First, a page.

Facebook is no stranger to computer hacks and leaks, and the company has been the victim of a plethora of high-profile security breaches in recent years. For example, in 2018, the social media giant revealed that it had inadvertently disclosed personal information to more than 50 million users due to a simple bug in the platform code that allowed attackers to access user accounts.

Likewise, in 2020, the company led by Mark Zuckerberg found itself embroiled in another major controversy when it was revealed that thousands of developers had gained access to data from inactive users of the platform, which again caused the discontent of many around the world.

Now, in 2021, the tech giant has experienced a new wave of data breaches again, but this time the number of users whose records were exposed was not 50 million, but rather 500 million. On April 3, Alon Gal, chief technology officer at security firm Hudson Rock, revealed that the sensitive personal information of more than half a billion Facebook users had been posted to a well-attended hacker forum.

To be more specific, the records include phone numbers, full names, locations, birthdays, biographies, and in some cases, the email addresses of more than 553 million local users in a total of 100 countries. Moreover, among the above number, it appears that 32 million users are from the US, and 11 million from the UK.

Finally, this data, which is now circulating online, can jeopardize the savings of millions of traders and cryptocurrency holders, who may now be vulnerable to the SIM swapping and other identity-based attacks that have occurred in recent years.

what should I do?
How exactly does this latest breach pose a threat to individuals’ cryptocurrencies? Dave Jevans, CEO of CipherTrace, blockchain security, told Cointelegraph that people who leaked phone numbers should be especially careful, as this information is affected by many instances of fraud in digital assets, adding:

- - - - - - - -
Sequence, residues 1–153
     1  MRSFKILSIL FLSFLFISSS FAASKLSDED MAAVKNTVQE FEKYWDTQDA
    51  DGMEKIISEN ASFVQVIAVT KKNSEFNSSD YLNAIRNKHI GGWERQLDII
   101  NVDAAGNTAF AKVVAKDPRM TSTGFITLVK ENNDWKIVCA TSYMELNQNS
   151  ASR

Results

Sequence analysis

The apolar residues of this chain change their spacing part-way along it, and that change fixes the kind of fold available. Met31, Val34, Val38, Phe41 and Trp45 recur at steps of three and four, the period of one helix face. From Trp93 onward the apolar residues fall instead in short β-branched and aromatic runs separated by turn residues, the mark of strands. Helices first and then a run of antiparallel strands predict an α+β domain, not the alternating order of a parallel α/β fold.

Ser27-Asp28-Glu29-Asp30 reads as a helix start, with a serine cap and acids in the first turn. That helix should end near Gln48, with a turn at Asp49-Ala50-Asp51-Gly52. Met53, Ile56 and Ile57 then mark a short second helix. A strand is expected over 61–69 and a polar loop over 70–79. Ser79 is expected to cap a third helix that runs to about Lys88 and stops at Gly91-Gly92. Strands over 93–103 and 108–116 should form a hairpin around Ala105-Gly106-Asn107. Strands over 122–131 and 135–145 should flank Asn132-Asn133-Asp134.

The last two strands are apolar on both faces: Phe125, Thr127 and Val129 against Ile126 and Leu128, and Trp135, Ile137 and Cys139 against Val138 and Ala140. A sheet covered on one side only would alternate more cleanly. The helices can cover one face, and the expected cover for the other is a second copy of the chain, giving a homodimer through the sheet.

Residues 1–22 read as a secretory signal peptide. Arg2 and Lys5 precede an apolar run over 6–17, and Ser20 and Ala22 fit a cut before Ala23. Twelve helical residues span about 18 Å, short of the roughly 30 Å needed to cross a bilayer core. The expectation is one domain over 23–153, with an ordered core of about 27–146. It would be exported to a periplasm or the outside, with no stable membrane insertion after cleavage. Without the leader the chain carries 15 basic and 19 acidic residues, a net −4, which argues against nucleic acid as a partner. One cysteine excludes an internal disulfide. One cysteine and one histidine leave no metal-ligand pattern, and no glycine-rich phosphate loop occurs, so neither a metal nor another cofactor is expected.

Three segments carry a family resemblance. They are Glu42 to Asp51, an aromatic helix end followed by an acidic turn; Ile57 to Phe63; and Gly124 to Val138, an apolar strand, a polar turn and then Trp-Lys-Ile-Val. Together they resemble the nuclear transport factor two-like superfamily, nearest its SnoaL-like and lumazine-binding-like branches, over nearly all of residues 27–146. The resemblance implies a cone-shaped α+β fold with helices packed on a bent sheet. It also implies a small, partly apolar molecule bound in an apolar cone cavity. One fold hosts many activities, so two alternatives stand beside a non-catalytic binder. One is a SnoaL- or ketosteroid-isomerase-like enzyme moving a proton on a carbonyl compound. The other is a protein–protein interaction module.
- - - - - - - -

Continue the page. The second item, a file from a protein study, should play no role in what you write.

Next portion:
“We are seeing an increase in SIM card exchanges, phishing attacks and other types of cryptocurrency fraud that depend on obtaining victims’ phone numbers. The excellent information about popular usernames of the cryptocurrency gave the opportunity for attackers to attack them.”
He added that people who think their cryptocurrency may be vulnerable need to rethink their current privacy strategies – think twice before storing all of their assets on a central exchange that can use a user’s phone numbers for two-factor authentication. …

Jevans also believes that managing our private keys may be the best way to protect our valuables from phishing attacks using stolen phone numbers. However, he acknowledged that even this might not be enough. “Attackers can still use other means to obtain information about accounts and addresses, but this is more difficult,” he added.

Ben Digels, co-founder and CEO of Constellation, an enterprise-wide scalable blockchain that sets the standard for data protection in transit, told Cointelegraph that Facebook’s latest security move is not surprising, especially since most social media users tend to take a different approach. Thinking – that is, they want their world to be run and organized for their sake.

He added that for most of the users, if they forget their passwords, they can only force the system to reset it for them. Not only that, according to Diggle, most people who use Facebook aren’t fully aware of the size of their digital footprint really – an aspect that Facebook doesn’t make clear either – and adds:

“Those with the cryptocurrency that were on the list might not have to worry about if they didn’t store metadata about their assets and access their Facebook accounts. However, these hackers have become very sophisticated, so I have no idea what tricks they can use. In gathering information about cryptocurrencies and exchanges. ”
However, he believes that as a precaution, most users would be better off changing their passwords on all of their social media accounts, as well as other platforms that share their data with Facebook.

Is decentralization important?
As data leakage continues to occur, more and more people around the world are starting to realize the value of the proposal from decentralized systems, especially since there is not a single point of error.

Source: CoinTelegraph